Research Spotlight: Site-trampling study gives a new look at old digs

student research

Research Spotlight: Site-trampling study gives a new look at old digs

Metin Eren's site-trampling research - water buffalo in Jurreru Valley, IndiaArchaeologists who interpret Stone Age culture from discoveries of ancient tools and artifacts may need to reanalyze some of their conclusions.

That’s the finding suggested by a new study that for the first time looked at the impact of water buffalo and goats trampling artifacts into mud.

In seeking to understand how much artifacts can be disturbed, the new study documented how animal trampling in a water-saturated area can result in an alarming amount of disturbance, says archaeologist Metin Eren, an SMU graduate student and one of eight researchers on the study.

In a startling finding, the animals’ hooves pushed artifacts as much as 21 centimeters into the ground – a variation that could equate to a difference of thousands of years for a scientist interpreting a site, said Eren.

The findings suggest archaeologists should reanalyze some previous discoveries, he said. “Given that during the Lower and most of the Middle Pleistocene, hominids stayed close to water sources, we cannot help but wonder how prevalent saturated substrate trampling might be, and how it has affected the context, and resulting interpretation, of Paleolithic sites throughout the Old World,” conclude the authors in a scientific paper detailing their experiment and its findings.

“Experimental Examination of Animal Trampling Effects on Artifact Movement in Dry and Water Saturated Substrates: A Test Case from South India” has been published online by the Journal of Archaeological Science. For images, additional information and a link to the article, see www.smuresearch.com. The research was recognized as best student poster at the 2010 annual meeting of the Society for American Archaeology.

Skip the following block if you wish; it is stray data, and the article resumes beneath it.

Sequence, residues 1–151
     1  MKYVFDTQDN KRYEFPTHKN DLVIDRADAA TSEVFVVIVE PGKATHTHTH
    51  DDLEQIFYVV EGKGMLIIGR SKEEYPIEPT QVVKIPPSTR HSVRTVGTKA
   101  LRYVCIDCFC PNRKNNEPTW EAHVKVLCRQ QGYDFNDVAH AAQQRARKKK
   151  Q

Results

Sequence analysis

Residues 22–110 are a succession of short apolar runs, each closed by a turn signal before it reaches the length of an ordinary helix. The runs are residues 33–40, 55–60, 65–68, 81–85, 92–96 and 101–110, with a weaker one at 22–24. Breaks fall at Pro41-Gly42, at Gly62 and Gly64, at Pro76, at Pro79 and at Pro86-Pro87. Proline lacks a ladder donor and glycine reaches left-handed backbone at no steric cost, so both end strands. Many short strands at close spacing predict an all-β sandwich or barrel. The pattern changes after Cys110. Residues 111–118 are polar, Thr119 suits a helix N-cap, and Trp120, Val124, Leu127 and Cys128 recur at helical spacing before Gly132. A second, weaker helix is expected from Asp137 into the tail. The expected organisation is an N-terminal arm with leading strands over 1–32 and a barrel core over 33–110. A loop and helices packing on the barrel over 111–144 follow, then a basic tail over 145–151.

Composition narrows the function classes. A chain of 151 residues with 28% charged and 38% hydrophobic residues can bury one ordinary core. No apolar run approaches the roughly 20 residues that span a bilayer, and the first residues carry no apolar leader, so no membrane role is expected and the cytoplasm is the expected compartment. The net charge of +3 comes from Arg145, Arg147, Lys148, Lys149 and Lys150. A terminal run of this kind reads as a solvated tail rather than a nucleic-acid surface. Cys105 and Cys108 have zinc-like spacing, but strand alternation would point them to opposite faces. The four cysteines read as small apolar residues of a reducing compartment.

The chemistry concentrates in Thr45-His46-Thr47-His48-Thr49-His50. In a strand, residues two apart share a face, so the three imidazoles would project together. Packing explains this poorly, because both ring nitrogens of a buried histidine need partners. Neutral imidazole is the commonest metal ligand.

The idea that animal trampling may reorient artifacts is not new. “Believe it or not, there have been dozens of trampling experiments in archaeology to see how artifacts may be affected by animals walking over them. These have involved human trampling and the trampling of all sorts of animals, including elephants, in dry sediments,” Eren said. “Our trampling experiments in dry sediments, for the most part, mimicked the results of previous experiments.”

But this latest study added a new variable to the mix – the trampling of artifacts embedded in ground saturated with water, Eren said.

Researchers from the United States, Britain, Australia and India were inspired to perform the unique experiment while doing archaeological survey work in the Jurreru River Valley in Southern India.

They noticed that peppering the valley floor were hardened hoof prints left from the previous monsoon season, as well as fresh prints along the stream banks. Seeing that the tracks sunk quite deeply into the ground, the researchers began to suspect that stone artifacts scattered on the edges of water bodies could be displaced significantly from their original location by animal trampling.

“Prehistoric humans often camped near water sources or in areas that receive lots of seasonal rain. When we saw those deep footprints left over from the previous monsoon season, it occurred to us that animal trampling in muddy, saturated sediments might distort artifacts in a different way than dry sediments,” Eren said. “Given the importance of artifact context in the interpretation of archaeological sites and age, it seems like an obvious thing to test for, but to our surprise it never had been.”